From Wikipedia, the free encyclopedia
A video card, (also referred to as a graphics accelerator card, display adapter and numerous other terms), is an item of personal computer hardware whose function is to generate and output images to a display. The term is usually used to refer to a separate, dedicated expansion card that is plugged into a slot on the computer's motherboard, as opposed to a graphics controller integrated into the motherboard chipset.
A video card consists of a printed circuit board on which the components are mounted. These include:
Graphics processing unit (GPU)
The GPU is a microprocessor dedicated to manipulating and rendering graphics according to the instructions received from the computer's operating system and the software being used. At their simplest level, GPUs include functions for manipulating two-dimensional graphics, such as blitting. Modern and more advanced GPUs also include functions for generating and manipulating three-dimensional graphics elements, rendering objects with shading, lighting, texture mapping and other visual effects.
Unlike integrated video controllers, which usually share memory with the rest of the computer, most video cards have their own separate onboard memory, referred to as video RAM (VRAM). VRAM is used to store the display image, as well as textures, buffers (the Z-buffer necessary for rendering 3D graphics, for example) and other elements. VRAM typically runs at higher speeds than desktop RAM. For the most part, current graphics cards use GDDR3 or GDDR4 although DDR, DDR2 or any other technology may be used.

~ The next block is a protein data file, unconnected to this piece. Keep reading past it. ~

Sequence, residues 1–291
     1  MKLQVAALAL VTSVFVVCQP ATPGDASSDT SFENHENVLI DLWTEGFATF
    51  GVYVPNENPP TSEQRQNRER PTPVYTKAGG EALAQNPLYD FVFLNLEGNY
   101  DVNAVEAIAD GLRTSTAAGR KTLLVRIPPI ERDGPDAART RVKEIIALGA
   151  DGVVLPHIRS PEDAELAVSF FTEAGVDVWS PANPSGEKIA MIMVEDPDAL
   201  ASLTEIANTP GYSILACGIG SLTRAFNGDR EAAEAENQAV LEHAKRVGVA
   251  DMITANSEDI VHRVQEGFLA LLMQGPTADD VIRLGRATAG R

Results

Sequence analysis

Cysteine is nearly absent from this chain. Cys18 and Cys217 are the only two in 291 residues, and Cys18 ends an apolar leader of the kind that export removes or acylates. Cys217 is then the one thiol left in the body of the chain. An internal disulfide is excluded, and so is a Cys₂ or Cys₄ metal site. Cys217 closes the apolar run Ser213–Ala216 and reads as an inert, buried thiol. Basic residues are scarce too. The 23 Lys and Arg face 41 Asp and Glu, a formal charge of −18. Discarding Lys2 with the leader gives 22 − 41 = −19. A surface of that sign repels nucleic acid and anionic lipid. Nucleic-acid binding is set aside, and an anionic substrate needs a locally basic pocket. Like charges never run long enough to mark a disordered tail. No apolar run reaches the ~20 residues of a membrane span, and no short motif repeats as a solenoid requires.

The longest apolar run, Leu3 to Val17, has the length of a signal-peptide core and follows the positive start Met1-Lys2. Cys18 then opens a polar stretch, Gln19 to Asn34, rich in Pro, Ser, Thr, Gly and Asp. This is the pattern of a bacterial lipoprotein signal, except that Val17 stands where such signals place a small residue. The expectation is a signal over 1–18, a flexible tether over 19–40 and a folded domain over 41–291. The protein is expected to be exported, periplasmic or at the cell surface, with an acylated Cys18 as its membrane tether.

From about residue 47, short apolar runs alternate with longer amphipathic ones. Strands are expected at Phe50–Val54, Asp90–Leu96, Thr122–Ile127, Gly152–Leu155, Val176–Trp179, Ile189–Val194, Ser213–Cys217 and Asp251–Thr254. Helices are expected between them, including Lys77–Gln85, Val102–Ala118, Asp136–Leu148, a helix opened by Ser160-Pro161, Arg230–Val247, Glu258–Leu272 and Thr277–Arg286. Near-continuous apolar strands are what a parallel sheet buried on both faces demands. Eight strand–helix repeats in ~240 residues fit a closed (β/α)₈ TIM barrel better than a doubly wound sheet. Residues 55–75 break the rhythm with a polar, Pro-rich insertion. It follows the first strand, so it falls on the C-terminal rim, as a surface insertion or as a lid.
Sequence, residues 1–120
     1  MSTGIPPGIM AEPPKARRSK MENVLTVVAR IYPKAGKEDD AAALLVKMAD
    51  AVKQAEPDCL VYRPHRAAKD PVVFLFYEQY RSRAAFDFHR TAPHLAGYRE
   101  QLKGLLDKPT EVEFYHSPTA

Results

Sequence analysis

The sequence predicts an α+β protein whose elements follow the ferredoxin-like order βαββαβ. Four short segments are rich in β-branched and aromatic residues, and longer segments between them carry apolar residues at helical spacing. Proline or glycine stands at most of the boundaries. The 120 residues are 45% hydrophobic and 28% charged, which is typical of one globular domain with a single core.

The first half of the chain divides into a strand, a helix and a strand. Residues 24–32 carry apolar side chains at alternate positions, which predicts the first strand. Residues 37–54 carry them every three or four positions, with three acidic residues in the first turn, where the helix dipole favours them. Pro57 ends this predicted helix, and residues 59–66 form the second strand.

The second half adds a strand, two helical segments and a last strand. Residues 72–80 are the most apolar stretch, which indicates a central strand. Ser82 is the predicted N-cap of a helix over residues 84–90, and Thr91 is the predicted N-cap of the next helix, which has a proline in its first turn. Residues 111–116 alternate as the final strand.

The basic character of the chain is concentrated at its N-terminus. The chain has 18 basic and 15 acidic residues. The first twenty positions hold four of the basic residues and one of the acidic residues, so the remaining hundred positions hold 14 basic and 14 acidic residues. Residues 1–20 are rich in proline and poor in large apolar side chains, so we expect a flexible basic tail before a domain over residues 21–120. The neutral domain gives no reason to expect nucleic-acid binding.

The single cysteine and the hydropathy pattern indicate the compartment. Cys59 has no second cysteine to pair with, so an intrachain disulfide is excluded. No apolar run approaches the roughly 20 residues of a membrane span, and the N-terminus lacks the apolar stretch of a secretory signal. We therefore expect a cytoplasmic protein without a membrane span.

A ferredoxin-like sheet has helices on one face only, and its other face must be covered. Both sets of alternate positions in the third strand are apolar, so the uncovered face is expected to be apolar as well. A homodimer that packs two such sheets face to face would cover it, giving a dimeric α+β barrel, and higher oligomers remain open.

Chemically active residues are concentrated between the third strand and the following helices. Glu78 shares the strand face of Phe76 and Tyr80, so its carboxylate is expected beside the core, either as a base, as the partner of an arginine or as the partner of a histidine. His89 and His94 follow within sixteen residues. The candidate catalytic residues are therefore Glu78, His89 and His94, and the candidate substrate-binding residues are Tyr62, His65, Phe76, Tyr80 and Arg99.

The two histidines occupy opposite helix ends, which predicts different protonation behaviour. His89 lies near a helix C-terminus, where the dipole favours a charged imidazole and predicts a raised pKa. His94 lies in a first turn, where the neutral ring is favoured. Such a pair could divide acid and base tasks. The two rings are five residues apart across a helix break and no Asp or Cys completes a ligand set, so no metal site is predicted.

The video BIOS or firmware chip is a chip that contains the basic program that governs the video card's operations and provides the instructions that allow the computer and software to interface with the card. It contains information on the memory timing, operating speeds and voltages of the processor and ram and other information. It is possible to re-flash a bios although this is typically only done by video card overclockers.
PCI Express is the newest slot that most new cards fit into. It comes in a variety of speeds which vary in size proportionate to the speed. The older AGP slot is still used on legacy motherboards and low end current motherboards, although it will eventually be phased out; most cards are made in both these formats for now. Depending on what speed interface used, PCI Express video cards may have a higher speed interface than AGP, leading to increased performance on the high end cards. PCI Express may be up to twice the speed of the AGP interface. PCI Express, aka PCIe, should not be confused with the long outdated PCI format, which predates even AGP.
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- Overclocking Wiki, general computer and video card information tweaking
Mueller, Scott (2005) Upgrading and Repairing PCs. 16th edition. Que Publishing. ISBN 0-7897-3173-8